Big Brother is watching you
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BIG BROTHER is watching. And you virtually cannot escape him in the city centre.
A total 110 CCTV cameras around the CBD can be maneuvered to watch you so closely even your expression can be picked up. And if you’re in a car, the number plate can be read.
Aside from the CBD cameras, there are another 500 CCTV “eyes” around the rest of Cape Town, including in small streets and along freeways.
The CBD camera footage is viewed in the city’s “Cyclops” centre, opposite the Cape Town International Convention Centre, and in the Transport Management Centre in Goodwood. This is a larger version of the Cyclops centre where footage from a larger number of cameras is screened.
Security is tight at these secret centres, where, unbeknown to hundreds of people going about their business, they are watched by a number of camera monitors.
Late Monday, a Cape Times team accompanied metro police director Sean Peterse and Charl Kitching, a senior superintendent, to the Cyclops centre.
In one room, big widescreen TVs were mounted on the wall and on each screen, footage from various cameras could be seen, showing pedestrians in various streets around the city.
When suspicious activity was spotted from one camera’s footage, this is how operations unfolded. As we watched, a suspected drug deal unfolded before our eyes.
A camera monitor scrutinised footage showing a young man with his shoulders slightly hunched, slip his hand into a pocket and then hand another man a small packet.
The monitor, using what appeared to be a small joystick, was able to zoom in on the men and follow their movements as they walked away.
Different cameras focused on the men as they walked.
Information about the duo, suspected to have carried out a drug deal, was fed to the Central City Improvement District (CCID) and shortly afterwards, cameras picked up CCID members pulling up in a van next to them.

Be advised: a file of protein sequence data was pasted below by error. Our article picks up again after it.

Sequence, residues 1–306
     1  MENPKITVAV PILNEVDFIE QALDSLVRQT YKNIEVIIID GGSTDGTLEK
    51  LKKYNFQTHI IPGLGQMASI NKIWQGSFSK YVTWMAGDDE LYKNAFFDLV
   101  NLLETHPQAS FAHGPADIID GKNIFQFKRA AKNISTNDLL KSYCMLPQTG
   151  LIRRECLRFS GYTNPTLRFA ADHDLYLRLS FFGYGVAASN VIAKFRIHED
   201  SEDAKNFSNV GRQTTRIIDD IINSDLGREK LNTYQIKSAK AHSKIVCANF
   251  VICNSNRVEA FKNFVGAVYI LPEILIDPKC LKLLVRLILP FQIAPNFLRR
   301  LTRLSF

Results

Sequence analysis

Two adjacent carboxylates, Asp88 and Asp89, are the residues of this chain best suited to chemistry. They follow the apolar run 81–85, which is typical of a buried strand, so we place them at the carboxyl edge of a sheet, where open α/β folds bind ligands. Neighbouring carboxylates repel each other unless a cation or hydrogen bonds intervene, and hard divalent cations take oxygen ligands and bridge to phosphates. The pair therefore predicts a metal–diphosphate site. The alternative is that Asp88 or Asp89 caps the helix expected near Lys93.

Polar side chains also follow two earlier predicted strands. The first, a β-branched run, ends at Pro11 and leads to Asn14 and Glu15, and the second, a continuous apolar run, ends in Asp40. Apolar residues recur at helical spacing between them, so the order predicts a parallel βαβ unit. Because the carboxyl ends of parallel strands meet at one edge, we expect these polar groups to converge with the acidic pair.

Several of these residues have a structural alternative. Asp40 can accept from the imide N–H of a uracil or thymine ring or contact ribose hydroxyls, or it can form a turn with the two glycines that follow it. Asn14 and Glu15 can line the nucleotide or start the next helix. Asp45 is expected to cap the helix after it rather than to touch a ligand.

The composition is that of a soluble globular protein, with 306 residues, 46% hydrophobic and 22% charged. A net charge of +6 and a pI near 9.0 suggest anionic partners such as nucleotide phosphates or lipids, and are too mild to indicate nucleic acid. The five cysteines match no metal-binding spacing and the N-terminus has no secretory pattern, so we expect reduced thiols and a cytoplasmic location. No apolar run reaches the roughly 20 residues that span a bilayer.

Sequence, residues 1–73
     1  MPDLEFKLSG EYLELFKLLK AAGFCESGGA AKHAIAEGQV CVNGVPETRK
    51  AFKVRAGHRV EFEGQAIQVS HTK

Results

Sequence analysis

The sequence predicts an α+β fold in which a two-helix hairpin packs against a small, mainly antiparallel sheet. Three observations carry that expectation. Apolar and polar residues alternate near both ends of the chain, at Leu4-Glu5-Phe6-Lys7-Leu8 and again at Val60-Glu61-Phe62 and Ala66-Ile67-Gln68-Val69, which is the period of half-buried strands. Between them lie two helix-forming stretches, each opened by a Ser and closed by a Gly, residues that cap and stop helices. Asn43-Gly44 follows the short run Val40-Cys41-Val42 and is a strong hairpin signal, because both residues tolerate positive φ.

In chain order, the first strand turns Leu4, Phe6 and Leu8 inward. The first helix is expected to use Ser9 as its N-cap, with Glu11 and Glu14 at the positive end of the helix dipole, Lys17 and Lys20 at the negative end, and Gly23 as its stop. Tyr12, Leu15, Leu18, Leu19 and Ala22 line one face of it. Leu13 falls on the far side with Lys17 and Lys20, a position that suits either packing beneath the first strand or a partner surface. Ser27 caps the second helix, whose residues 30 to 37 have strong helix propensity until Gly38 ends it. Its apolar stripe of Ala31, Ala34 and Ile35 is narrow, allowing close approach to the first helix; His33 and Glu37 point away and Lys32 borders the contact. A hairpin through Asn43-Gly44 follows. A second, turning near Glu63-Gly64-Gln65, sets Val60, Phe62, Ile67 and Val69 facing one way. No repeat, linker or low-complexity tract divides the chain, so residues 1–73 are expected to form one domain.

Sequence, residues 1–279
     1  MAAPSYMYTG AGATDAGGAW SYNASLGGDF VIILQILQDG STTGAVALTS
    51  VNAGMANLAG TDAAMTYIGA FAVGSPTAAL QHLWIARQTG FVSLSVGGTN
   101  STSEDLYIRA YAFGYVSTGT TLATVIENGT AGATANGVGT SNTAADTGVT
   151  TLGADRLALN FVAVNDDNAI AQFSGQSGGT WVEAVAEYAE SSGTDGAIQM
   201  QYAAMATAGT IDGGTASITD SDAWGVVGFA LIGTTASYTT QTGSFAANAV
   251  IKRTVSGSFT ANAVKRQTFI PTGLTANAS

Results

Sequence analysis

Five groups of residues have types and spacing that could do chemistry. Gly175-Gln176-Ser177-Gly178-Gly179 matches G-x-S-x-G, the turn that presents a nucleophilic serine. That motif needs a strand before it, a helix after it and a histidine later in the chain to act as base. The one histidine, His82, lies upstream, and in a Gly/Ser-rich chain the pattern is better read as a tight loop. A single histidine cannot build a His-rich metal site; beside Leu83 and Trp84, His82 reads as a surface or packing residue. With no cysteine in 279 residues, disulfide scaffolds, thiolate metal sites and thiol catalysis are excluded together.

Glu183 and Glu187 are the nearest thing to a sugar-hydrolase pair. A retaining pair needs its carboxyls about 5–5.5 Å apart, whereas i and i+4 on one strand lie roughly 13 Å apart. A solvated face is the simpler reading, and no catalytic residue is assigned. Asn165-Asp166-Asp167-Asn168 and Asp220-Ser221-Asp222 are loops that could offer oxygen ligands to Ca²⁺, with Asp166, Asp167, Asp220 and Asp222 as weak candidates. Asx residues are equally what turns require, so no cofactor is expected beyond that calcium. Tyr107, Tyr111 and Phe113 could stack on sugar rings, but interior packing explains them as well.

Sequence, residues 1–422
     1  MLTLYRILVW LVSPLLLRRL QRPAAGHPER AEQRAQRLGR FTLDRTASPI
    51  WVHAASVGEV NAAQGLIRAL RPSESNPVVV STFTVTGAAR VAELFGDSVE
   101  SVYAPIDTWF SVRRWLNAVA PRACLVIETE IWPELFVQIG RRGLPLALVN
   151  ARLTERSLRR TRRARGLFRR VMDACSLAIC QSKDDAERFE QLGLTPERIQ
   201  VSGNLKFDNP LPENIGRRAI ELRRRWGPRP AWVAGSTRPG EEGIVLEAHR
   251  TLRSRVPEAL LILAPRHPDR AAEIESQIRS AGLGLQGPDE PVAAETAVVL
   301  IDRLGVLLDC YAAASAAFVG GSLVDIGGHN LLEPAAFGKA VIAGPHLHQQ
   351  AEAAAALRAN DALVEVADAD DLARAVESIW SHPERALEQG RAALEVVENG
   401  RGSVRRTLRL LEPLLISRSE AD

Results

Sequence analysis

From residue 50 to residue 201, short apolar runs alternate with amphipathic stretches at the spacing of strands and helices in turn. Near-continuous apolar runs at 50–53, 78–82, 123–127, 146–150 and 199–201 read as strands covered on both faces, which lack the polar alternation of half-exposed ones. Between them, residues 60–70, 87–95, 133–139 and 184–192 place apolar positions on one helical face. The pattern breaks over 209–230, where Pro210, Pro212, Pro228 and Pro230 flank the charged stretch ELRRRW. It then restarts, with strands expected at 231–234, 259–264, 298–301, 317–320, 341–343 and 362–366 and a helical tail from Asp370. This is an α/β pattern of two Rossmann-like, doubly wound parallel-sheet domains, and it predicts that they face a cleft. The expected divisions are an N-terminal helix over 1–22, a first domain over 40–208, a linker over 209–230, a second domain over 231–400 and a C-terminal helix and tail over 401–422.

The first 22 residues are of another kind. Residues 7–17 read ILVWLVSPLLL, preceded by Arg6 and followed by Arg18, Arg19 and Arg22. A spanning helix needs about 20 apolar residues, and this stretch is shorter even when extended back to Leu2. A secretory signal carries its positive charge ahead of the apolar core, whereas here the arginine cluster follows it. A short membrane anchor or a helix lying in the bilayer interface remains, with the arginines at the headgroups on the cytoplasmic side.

The men were searched and the CCID members were fed information from the monitor, about where they were believed to have hidden the drugs.
In another room, more widescreen TVs showing CCTV footage from even more cameras were being watched by monitors.
One demonstrated how a camera could zoom in on a car in the distance and clearly show its numberplate.
The monitor showed how another camera in Woodstock could zoom on to a shop to show its interior.
“You can get the price of the bananas,” Kitching joked.
He said that the footage was recorded and stored and police could access it if it was needed for an investigation.
Yesterday, safety and security mayco member JP Smith said there were more than 650 CCTV cameras throughout Cape Town.
The cameras had varying purposes, which included informing services of faults such as broken streetlights, crime and fire prevention and detection, traffic management, ensuring response to medical incidents and detecting the infringement of by-laws.
He said footage from the cameras was state evidence and members of the public wanting to use the footage would have to work through the police.
Smith said the issue of invasion of privacy had been discussed.
“There have been a few complaints regarding privacy where households are concerned that surveillance staff will monitor their private property without their consent.
“However, the camera monitors are supervised and the footage is recorded so action can be taken against them if they invade anyone’s privacy.”